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30 More Dead Bodies Found In Baghdad

Police found 30 bodies bearing signs of torture Friday, the latest in a wave of sectarian killings sweeping the Iraqi capital despite a monthlong security operation.

A U.S. Marine was killed Friday in Anbar province, and an American soldier was killed Thursday evening by a roadside bomb northwest of Baghdad, the military said. The soldier was the fifth to have died on Thursday, making it a particularly bloody day for U.S. forces.

In central Baghdad, a gunman opened fire from the top of an abandoned building in a Sunni Arab neighborhood, killing an Iraqi civilian and wounding five others, said a police lieutenant.

Violence has intensified over the past two days, with more than 130 people either killed by attacks or their bodies found dumped in the streets of Baghdad. All the bodies found Friday had signs of torture, and one that washed up on the banks of the Tigris River had been dismembered.

In other developments:

  • Iraq has become one of the most violent conflict areas in the world although it has been overshadowed in recent months by other crises in the Middle East, the top U.N. envoy in Iraq said Thursday. "In many parts of the country, insurgent, militia and terrorist attacks, as well as gross violations of human rights, have continued to inflict untold suffering, particularly on innocent civilians, most notably women, children and minorities," Ashraf Qazi told the U.N. Security Council.
  • Iraqi Kurds have demanded that the chief judge in the Saddam Hussein trial step down after he told the former president "you were not a dictator" in court. Judge Abdullah al-Amiri already has refused prosecution requests to step down over the comment, which a court spokesman attributed to a "slip of the tongue" on the experienced judge's part.
  • Shiite politicians, meanwhile, said they had made progress in trying to break a deadlock over legislation to establish autonomous regions as part of an Iraqi federation. Sunni Arabs oppose the bill, fearing it could split Iraq into three sectarian and ethnic cantons. The proposed legislation could be introduced next week.
  • A spokesman for the Conference of People of Iraq, a prominent Sunni Arab political party, was shot and killed Friday by gunmen, said a party official who did not want to be identified because he fears for his life. The spokesman was also an imam at a mosque in Baghdad and was on his way to conduct prayers at a mosque in Garma, 19 miles outside of Baghdad, when he was killed.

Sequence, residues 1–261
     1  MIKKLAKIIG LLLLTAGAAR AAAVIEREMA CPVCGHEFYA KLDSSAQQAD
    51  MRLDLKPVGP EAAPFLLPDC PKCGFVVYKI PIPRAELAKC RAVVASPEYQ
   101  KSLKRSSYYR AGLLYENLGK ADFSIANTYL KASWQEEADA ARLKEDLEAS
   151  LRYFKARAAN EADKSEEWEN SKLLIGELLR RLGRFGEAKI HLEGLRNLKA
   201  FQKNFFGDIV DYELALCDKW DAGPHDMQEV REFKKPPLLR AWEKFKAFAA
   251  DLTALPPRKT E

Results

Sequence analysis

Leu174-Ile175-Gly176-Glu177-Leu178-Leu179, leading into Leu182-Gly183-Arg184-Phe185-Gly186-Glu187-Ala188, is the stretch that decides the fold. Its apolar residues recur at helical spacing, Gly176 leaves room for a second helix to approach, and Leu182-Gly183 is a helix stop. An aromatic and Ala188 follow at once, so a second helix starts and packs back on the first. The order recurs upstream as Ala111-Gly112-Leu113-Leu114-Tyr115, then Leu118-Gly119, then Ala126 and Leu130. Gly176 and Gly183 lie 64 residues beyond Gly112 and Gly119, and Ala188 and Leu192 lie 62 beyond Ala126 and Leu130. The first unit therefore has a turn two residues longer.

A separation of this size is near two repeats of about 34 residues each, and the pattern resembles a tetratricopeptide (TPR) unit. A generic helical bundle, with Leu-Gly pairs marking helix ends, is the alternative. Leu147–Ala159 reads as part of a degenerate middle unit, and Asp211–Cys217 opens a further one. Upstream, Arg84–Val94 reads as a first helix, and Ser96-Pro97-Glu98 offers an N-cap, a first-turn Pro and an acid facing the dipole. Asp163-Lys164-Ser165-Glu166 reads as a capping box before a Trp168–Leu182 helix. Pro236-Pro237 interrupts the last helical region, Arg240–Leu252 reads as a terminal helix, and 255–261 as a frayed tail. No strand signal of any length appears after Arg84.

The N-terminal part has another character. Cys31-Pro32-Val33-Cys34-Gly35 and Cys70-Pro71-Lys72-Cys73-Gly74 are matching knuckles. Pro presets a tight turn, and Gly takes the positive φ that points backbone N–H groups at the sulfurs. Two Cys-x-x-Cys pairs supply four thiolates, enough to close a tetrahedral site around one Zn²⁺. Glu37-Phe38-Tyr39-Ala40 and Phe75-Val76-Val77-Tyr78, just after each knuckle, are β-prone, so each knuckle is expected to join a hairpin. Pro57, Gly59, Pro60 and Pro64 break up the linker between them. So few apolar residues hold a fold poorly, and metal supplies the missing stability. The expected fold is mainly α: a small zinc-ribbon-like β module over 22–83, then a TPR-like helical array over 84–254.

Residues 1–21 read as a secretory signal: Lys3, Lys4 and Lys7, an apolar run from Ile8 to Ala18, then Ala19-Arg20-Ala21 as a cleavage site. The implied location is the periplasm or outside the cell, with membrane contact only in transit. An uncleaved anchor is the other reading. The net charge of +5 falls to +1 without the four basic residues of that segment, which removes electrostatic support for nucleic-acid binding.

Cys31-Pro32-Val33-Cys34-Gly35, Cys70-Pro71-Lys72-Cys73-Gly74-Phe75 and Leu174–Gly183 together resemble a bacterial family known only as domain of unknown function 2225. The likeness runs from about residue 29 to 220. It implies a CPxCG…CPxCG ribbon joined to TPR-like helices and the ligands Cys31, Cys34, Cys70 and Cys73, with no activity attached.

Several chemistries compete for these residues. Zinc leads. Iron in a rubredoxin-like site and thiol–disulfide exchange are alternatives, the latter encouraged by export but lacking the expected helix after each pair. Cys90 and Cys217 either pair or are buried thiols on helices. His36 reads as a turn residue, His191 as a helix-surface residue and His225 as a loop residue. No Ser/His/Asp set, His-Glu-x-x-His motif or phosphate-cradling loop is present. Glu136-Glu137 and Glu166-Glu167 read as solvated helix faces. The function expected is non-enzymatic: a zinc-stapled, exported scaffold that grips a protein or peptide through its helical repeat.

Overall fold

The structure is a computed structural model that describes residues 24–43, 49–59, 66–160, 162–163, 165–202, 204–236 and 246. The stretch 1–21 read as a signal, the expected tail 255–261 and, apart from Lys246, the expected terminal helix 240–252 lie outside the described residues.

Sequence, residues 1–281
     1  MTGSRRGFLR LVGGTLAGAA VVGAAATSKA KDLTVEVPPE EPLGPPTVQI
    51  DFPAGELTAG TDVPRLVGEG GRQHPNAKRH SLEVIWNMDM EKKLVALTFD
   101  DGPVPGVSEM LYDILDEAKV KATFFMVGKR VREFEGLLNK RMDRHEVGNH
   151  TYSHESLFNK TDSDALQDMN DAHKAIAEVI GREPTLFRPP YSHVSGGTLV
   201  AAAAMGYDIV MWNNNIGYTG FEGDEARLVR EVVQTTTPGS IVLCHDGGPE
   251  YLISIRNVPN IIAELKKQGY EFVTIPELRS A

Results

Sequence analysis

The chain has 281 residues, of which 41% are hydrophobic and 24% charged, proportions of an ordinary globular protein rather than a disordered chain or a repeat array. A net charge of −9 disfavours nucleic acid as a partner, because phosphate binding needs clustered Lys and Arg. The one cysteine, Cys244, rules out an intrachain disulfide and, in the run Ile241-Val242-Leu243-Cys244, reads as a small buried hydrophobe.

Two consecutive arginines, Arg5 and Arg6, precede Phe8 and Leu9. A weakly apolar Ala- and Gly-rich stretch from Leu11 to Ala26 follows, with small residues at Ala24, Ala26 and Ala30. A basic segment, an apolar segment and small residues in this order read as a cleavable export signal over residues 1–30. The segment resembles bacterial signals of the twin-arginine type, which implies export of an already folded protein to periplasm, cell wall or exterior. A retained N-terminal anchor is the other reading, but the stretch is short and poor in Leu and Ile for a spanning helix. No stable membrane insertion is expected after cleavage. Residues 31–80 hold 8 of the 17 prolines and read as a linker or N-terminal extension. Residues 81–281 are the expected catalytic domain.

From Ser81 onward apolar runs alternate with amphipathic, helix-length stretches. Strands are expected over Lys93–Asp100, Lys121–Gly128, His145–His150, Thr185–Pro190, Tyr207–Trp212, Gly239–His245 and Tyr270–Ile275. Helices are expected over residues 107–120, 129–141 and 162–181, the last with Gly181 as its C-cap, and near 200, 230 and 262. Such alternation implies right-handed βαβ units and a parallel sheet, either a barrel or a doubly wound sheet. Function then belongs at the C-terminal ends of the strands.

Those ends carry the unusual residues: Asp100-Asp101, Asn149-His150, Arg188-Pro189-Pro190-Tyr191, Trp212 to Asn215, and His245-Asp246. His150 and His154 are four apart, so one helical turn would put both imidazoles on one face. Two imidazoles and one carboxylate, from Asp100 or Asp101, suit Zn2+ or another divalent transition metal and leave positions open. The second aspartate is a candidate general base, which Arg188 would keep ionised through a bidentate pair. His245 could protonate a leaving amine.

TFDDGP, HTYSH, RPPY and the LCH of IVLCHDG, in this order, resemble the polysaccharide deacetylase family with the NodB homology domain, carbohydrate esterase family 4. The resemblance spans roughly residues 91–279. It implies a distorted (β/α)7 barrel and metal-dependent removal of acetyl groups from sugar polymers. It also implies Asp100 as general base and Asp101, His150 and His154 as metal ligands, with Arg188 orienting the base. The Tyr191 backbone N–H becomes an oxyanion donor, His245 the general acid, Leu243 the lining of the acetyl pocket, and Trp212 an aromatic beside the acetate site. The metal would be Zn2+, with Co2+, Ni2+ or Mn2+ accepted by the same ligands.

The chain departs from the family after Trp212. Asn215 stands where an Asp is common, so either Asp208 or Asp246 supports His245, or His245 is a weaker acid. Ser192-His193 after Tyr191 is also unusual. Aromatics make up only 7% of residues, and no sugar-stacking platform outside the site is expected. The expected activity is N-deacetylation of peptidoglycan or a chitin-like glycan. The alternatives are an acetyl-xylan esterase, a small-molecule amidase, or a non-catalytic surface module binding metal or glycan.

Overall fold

• Both the U.S. government and military have said sectarian killings and violence are surging around Iraq, although the military said attacks have been limited to parts of Baghdad not yet included in a security offensive that began on Aug. 7.

    The U.S. Ambassador to the United Nations, John Bolton, told the Security Council on Thursday that Iraq's sectarian killings and kidnappings had increased in the last three months, along with a rise in the number of displaced people.

    He said ethnic and sectarian violence was "one of the most significant threats to security and stability in Iraq." The average number of weekly attacks increased 15 percent in the last three months, and Iraqi casualties rose by 51 percent, Bolton said.

    Maj. Gen. William B. Caldwell, the U.S. command's spokesman, said the violence had intensified in areas that have not been reached by Operation Together Forward, a security sweep involving 12,000 U.S. and Iraqi soldiers.

    "The terrorists and death squads are clearly targeting civilians outside of the focus areas," Caldwell said Thursday.

    In areas that have been part of the operation, U.S. and Iraqi forces have cleared more than 52,000 buildings, found 32 weapon caches, detained 91 people and seized more than 1,200 weapons, Caldwell said.

    In a rare positive development for the U.S.-led coalition and the Iraqi government, officials reported the killing of a senior member of al Qaeda in Iraq and the capture of another.

    Abu Jaafar al-Liby, described by the ministry as either the second- or third-most important figure in al Qaeda in Iraq, was killed by police earlier this week, the ministry said Thursday.

    Al-Liby was in charge of the Baghdad sector of al Qaeda in Iraq, Khalaf said. He said two letters were found on his body — one addressed to Osama bin Laden and the other to Abu Ayyoub al-Masri, who is thought to be al Qaeda in Iraq's leader. Both letters pledged loyalty and promised more attacks, Khalaf said.

    Caldwell said U.S. military forces also had captured a senior al Qaeda figure and personal associate of the group's new leader. He was arrested along with 70 others Tuesday in a series of 12 raids, the U.S. spokesman said.

    The man, who was not identified, led assassination, kidnapping and bomb-making cells in Baghdad, and played a key role in al Qaeda's activities in Fallujah before it was attacked by U.S. troops in November 2004, Caldwell said.

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